This morning we have heard the words of Jesus read aloud in this gathered assembly. Today we have sat before him resting our sore feet, hearing our Lord speak to us this vision of what the kingdom of God looks like in its fullness. And we rejoice, knowing that as we continue to live together in community as his body, as we live and move and breathe as his body here on earth, empowered by him to live according to his word by the presence of the Holy Spirit. And in the face of sin, which so easily entangles, and its author who would seek to devour us, Christ has us take our rest in him in his real presence. It is only with him in the Church that we can live truly counter-culturally.

And in the Church may it ever be our prayer that we might live the way Jesus has described, asking the Lord to keep us from all evil, to keep our life, to guard our going out and our coming in from this time forth forevermore. May we cling to the hope of Christ that someday, in full, we shall live in such a completed and happy kingdom with all those who would follow after Jesus our Lord.

In the name of God, the Father, the Son, and the Holy Spirit. Amen.

Timely Reminders from the Old Preacher

For everything there is a season,
    a time for every activity under heaven.
A time to be born and a time to die.
    A time to plant and a time to harvest.
A time to kill and a time to heal.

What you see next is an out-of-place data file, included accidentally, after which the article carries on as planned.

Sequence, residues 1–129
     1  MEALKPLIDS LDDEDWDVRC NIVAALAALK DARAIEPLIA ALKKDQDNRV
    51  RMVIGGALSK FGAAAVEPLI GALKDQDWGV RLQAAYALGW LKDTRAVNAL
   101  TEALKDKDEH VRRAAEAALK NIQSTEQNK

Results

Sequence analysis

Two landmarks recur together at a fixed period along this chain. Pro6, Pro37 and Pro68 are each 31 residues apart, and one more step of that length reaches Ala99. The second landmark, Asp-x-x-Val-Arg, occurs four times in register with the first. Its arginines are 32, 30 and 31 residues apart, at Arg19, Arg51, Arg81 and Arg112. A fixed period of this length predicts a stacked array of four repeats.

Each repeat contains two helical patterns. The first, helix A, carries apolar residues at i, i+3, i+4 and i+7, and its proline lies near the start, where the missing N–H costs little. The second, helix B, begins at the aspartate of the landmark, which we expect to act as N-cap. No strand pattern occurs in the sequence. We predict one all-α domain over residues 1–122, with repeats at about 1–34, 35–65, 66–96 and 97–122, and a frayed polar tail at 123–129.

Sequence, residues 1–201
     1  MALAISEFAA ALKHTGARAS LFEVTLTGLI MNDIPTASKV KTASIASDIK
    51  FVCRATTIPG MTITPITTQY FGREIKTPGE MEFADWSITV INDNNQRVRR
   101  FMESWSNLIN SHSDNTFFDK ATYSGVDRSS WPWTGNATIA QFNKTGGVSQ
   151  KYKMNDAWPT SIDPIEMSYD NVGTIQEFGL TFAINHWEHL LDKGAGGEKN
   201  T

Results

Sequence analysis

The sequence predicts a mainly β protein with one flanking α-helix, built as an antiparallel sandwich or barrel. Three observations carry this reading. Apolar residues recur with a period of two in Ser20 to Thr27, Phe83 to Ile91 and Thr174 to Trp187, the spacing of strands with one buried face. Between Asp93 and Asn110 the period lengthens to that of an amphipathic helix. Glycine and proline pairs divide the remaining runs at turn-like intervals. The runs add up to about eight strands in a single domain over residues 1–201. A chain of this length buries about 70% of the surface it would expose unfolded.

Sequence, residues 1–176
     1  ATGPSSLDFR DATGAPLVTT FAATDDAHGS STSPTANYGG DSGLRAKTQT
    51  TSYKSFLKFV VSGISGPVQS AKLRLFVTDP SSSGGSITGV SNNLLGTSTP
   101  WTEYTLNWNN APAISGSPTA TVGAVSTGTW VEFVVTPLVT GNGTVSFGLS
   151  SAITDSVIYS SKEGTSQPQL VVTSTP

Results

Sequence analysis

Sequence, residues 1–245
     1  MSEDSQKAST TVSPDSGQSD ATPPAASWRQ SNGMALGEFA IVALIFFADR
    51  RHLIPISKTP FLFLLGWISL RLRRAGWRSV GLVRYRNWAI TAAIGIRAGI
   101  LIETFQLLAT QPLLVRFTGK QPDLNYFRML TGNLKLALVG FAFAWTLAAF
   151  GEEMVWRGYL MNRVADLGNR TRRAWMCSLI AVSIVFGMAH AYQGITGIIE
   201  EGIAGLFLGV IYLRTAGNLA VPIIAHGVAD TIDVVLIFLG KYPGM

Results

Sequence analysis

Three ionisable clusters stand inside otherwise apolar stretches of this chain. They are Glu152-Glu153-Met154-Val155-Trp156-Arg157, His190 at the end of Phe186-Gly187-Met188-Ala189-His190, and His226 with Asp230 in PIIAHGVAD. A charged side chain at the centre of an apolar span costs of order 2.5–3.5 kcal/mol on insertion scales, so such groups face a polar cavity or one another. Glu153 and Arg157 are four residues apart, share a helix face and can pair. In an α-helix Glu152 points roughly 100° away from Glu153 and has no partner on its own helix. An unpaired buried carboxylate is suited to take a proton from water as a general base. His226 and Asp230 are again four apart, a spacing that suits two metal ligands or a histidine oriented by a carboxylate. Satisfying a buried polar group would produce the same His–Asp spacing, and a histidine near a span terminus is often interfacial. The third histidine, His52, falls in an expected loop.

A time to tear down and a time to build up.
A time to cry and a time to laugh.
    A time to grieve and a time to dance.
A time to scatter stones and a time to gather stones.
    A time to embrace and a time to turn away.
A time to search and a time to quit searching.
    A time to keep and a time to throw away.
A time to tear and a time to mend.
    A time to be quiet and a time to speak.
A time to love and a time to hate.
    A time for war and a time for peace.

—Ecclesiastes 3.1-8

George Herbert: Love

Love bade me welcome: yet my soul drew back,
Guilty of dust and sin.
But quick-eyed Love, observing me grow slack
From my first entrance in,
Drew nearer to me, sweetly questioning
If I lacked anything.

“A guest,” I answered, “worthy to be here.”
Love said, “You shall be he.”
“I, the unkind, the ungrateful? Ah, my dear,
I cannot look on thee.”
Love took my hand, and smiling did reply,
“Who made the eyes but I?”

“Truth, Lord, but I have marred them; let my shame
Go where it deserves.”
“And know you not,” says Love, “who bore the blame?”
“My dear, then I must serve.”
“You must sit down,” says Love, “and taste my meat.”
So I did sit and eat.

The Temple

NT Wright: Why the Cross Matters More than We Think

Yes indeed.

The famous John 3:16 doesn’t say ‘God so hated the world that he killed his son’, but ‘God so loved the world that he gave his son’. But that easily gets twisted the wrong way round. Perhaps that’s because many angry despots, in public or domestic life, have beaten up innocent victims. Sometimes they even claim that they do it out of love. We have learned to shudder at such claims.

But isn’t that what the Bible says? ‘He was bruised for our transgressions . . . the Lord has laid on him the iniquity of us all’? Yes, but what matters is getting the story right.

Many Christians, whether Catholic or Protestant, liberal or conservative, have imagined a story like this. (1) We messed up badly; (2) God had to punish us; (3) fortunately, his innocent son got in the way and took the rap. But the Bible tells a bigger, more subtle story.

Paul’s summary of the Christian message begins, ‘The Messiah died for our sins in accordance with the scriptures’. That doesn’t mean “in accordance with the story we have in our heads, with a few biblical footnotes.” Paul is referring to the entire story of Israel’s ancient scriptures.

That story is not about ‘sin and what God does with it.’ It’s about creation andcovenant.

Read it all.